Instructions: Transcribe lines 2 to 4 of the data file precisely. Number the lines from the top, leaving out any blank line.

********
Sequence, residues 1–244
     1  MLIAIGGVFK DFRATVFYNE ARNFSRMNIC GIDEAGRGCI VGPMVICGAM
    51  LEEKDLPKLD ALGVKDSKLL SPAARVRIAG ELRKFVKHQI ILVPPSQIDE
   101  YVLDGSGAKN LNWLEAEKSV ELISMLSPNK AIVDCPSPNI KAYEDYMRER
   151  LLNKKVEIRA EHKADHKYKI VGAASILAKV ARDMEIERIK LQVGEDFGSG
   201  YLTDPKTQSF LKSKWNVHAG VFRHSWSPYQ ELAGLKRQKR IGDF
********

     1  MLIAIGGVFK DFRATVFYNE ARNFSRMNIC GIDEAGRGCI VGPMVICGAM
    51  LEEKDLPKLD ALGVKDSKLL SPAARVRIAG ELRKFVKHQI ILVPPSQIDE
   101  YVLDGSGAKN LNWLEAEKSV ELISMLSPNK AIVDCPSPNI KAYEDYMRER